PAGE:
Get local news delivered straight to your phone
The pre-millennial tension that gripped America in the 1990s gave rise to a pair of cultural obsessions that still defy rational explanation: 1) angels; and 2) denim shorts for men.
We can thank the vagaries of fashion for consigning knee-length jeans to their rightful place in the dustbin of history. Ironically, what seems to have ended America’s New Age-y fascination with cherubim and seraphim was, well, a new age. For most of the ’90s, angels were everywhere: in the outfield, on Oprah, floating around Kirsty MacColl’s house, or given flesh (in abundance) by Della Reese on the CBS Saturday-night lineup. Then the new century dawned, and any talk of angels, guardian or otherwise, suddenly seemed to bear all the cultural relevancy of the macarena.
But you can see why a playwright might find something potent and allusive in angelic symbology, which speaks in a neatly simultaneous way to such American fixations as freedom, faith, and the use or abuse of power. That’s certainly true of Jose Rivera’s complex and surreal Marisol, in which an angel and an apocalypse figure prominently.
We can't make City Paper without you
The angel in question, played in Forum Theatre’s production by Holly Bass, is the celestial protector of the titular Marisol (Veronica del Cerro), a young copy editor. It appears to Marisol in a dream to inform her that, after saving her life thousands of times over the years, it’s abandoning her side to take up arms against an infirm and distracted God. And here’s where the apocalypse comes in—turns out God’s forgetfulness has allowed the universe to wither and rot. The moon is gone, the sun never rises, roaming skinheads burn homeless people alive, and at least one of the most basic underpinnings of the human reproductive system has been subverted. With her guardian angel gone, Marisol finds herself abruptly alone in a dystopia, beset by a series of dangerous, mentally unstable individuals.
The play was generally well-received during its off-Broadway run in 1993. Which is notable, because at that time, just across town, another play with similar millennial themes (and a much more expensive angel) was earning plaudits of its own. No one could ever mistake Rivera’s grimy urban fable for Tony Kushner’s grandly ambitious two-part epic Angels in America, but the narrative engine of both works is the same: the abrupt realization that the old rules of American life no longer apply—a shattering fact that’s cause for both fear and hope.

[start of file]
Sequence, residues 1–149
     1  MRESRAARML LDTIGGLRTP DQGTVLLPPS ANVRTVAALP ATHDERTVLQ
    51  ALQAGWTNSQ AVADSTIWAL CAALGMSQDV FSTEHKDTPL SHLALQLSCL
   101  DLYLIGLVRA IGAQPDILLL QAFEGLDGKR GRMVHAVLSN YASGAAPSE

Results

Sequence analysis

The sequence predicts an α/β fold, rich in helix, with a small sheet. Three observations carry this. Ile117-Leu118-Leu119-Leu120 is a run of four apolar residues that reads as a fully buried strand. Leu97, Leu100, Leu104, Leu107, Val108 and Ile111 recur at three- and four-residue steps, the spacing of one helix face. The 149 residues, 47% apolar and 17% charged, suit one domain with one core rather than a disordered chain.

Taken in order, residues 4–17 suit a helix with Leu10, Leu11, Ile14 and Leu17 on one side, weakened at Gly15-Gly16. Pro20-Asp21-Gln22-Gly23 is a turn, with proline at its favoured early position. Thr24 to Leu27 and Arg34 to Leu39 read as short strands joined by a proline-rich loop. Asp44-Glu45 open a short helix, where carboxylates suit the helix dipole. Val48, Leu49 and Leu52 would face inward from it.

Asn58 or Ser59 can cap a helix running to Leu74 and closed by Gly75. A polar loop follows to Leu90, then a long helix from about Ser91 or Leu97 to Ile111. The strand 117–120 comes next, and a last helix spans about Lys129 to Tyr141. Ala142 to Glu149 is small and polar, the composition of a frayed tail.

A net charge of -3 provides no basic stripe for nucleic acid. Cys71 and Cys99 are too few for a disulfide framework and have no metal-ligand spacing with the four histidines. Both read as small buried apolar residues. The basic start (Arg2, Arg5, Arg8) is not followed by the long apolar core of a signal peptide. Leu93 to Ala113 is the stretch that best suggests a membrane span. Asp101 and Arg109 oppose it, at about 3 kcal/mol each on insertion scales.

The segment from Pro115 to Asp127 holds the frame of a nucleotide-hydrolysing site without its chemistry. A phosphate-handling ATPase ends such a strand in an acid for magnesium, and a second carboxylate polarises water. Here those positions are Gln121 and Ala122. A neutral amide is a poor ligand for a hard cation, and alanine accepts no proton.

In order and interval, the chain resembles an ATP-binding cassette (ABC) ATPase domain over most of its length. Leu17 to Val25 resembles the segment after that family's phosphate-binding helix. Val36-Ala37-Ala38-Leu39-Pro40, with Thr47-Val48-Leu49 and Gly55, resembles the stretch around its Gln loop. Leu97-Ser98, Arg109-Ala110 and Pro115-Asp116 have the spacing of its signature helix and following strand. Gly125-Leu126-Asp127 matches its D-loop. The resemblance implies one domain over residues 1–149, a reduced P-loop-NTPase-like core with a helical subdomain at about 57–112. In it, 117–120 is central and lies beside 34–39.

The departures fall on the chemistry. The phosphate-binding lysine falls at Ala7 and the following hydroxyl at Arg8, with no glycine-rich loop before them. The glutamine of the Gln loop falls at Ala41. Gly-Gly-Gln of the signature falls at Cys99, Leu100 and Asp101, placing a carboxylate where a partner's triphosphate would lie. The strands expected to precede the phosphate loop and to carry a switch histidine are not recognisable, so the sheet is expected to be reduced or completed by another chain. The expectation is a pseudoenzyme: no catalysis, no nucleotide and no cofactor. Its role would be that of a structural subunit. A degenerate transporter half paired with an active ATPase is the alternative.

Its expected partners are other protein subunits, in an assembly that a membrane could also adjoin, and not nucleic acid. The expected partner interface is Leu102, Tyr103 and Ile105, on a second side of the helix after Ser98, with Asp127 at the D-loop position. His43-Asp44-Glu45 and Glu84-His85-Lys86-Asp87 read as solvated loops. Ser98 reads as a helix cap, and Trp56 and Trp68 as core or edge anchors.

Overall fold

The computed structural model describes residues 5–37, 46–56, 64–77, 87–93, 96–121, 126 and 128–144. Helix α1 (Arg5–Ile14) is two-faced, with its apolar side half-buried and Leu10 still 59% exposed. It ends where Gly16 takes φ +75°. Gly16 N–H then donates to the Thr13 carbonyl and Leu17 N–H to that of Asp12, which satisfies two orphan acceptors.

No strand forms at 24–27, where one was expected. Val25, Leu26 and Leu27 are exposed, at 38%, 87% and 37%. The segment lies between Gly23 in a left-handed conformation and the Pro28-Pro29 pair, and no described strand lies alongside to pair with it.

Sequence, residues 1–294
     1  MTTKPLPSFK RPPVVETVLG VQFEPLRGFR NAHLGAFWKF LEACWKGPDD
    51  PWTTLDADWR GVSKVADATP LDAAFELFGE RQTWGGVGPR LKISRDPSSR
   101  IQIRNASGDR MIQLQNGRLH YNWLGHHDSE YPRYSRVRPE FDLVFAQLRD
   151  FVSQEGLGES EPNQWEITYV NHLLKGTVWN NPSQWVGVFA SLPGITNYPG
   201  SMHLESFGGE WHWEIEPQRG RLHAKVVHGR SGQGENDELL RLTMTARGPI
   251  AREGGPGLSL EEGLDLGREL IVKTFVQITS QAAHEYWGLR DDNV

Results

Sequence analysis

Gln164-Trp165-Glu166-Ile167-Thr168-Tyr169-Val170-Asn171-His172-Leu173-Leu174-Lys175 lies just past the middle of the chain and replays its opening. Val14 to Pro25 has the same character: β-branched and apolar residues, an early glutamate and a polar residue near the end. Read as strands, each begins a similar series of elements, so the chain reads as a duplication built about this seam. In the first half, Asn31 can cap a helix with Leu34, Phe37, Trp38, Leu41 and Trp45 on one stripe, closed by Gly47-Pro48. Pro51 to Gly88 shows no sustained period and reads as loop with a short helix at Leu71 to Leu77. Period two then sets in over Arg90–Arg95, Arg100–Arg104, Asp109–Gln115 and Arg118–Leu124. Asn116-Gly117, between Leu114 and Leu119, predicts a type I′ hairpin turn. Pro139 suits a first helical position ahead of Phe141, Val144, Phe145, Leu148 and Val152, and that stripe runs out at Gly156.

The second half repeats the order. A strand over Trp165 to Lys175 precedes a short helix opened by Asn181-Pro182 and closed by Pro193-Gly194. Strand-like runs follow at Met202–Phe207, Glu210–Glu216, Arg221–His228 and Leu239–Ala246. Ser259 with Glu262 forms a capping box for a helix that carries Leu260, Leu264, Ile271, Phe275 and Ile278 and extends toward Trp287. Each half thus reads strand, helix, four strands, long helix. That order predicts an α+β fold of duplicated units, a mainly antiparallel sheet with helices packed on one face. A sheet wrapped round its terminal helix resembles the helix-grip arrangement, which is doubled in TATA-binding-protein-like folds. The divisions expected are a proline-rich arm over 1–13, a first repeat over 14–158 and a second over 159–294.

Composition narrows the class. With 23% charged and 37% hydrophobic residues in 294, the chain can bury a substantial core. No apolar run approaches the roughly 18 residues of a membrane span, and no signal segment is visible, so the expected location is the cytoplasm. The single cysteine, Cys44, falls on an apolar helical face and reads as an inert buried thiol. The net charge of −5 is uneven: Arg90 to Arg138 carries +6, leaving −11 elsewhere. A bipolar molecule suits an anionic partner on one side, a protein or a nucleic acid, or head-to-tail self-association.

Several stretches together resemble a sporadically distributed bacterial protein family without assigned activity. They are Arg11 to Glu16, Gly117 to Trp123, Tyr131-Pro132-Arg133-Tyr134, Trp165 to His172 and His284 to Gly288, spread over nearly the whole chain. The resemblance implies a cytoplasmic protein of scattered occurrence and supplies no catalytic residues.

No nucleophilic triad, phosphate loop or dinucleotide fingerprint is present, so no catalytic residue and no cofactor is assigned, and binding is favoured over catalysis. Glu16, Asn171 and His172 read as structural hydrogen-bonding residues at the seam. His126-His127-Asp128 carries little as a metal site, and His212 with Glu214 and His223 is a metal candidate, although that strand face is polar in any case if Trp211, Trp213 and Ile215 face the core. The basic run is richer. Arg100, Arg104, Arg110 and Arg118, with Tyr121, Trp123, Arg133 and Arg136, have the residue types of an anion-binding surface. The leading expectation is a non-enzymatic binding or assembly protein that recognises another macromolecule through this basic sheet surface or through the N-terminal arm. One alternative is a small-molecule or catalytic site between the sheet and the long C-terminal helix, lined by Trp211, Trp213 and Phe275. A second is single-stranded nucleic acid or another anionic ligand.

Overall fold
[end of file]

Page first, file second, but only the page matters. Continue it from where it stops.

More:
If Forum’s staging seems more enraptured by the fear than the hope, you can appreciate why: Rivera’s script is a dark, unsettling thing, and the company is keen to invest the proceedings with a sense of dread. At this, director Alexander Strain succeeds—albeit so thoroughly that he permits very little light to escape at all. Intentional or not, this has the effect of casting a pall over the script’s moments of humor. Jokes that should deflate the tension tend to get lost in the pervading gloom before they can manage to do so.
But man, you sure do feel the threat hanging over del Cerro’s Marisol, whether in a series of twitchy strangers played by Brandon McCoy or in the amorous attention of Lenny (Patrick Bussink), the brother of a co-worker. Bussink does fine, deeply creepy work here: Watch how he twists his body when presenting Marisol with a small sculpture, imbuing an ostensibly sweet moment with a sinister undercurrent.
As in Rivera’s References to Salvador Dali Make Me Hot, staged a couple years back by Rorschach, Marisol’s language is frequently rich and lovely. Here, however, that language, like the world it asserts, flits in and out of focus over the course of the evening. We can chalk some of that up to the play’s reliance on dream logic, of course, but when so much of the narrative unfolds in extended, elegantly written monologues by characters who simply stand and deliver, you can’t help thinking of missed opportunities.
Especially once you consider how many big, capital-t-Theatrical set pieces are on display. In Casey Kaleba’s energetic, precise fight choreography, golf clubs whistle so closely past the actors’ heads you’ll find yourself ducking in sympathy. Tobias Harding’s gritty set, which splits the audience down the middle, comes alive when Andrew Griffin shines lurid red gels through the torn plastic sheeting of its walls. Heather Lockard’s costumes evince a grubbiness that feels authentic, even when the script calls for the fantastical: Her angel wings are fabulously filthy, greasy-looking things hung with garbage bags and cigarettes packs. And just beneath it all, composer/sound designer Christopher Baine constructs a continuous soundscape that’s subtly, slyly unsettling.
All of which more or less makes up for the fact that the play progresses in a fitful, abstract manner without ever finding any real momentum. Its disparate elements glancingly connect but never cohere—Bass’ angel all but disappears after its initial speech, for no reason I can pinpoint—and the play’s mythology asserts itself so earnestly it can seem overwrought. At such times, you’ll be grateful to have a warm, emotionally available presence like del Cerro’s Marisol to root for and to worry over.
Next season, the Forum folks are tackling that other pre-millennial angel play, in all its bigger, longer, and uncut glory. But it would be a mistake to think of this production as a dry run. Marisol offers its own insights, even if they’re a bit more psychologically opaque than they really need to be. By mounting Rivera’s tough, uncompromising play now, Forum gives it the chance to step out from Kushner’s long shadow and stand on its own. But as staged by Strain, Marisol stands as a dark and oddly cheerless work that, perhaps, was always better suited to the shadows anyway.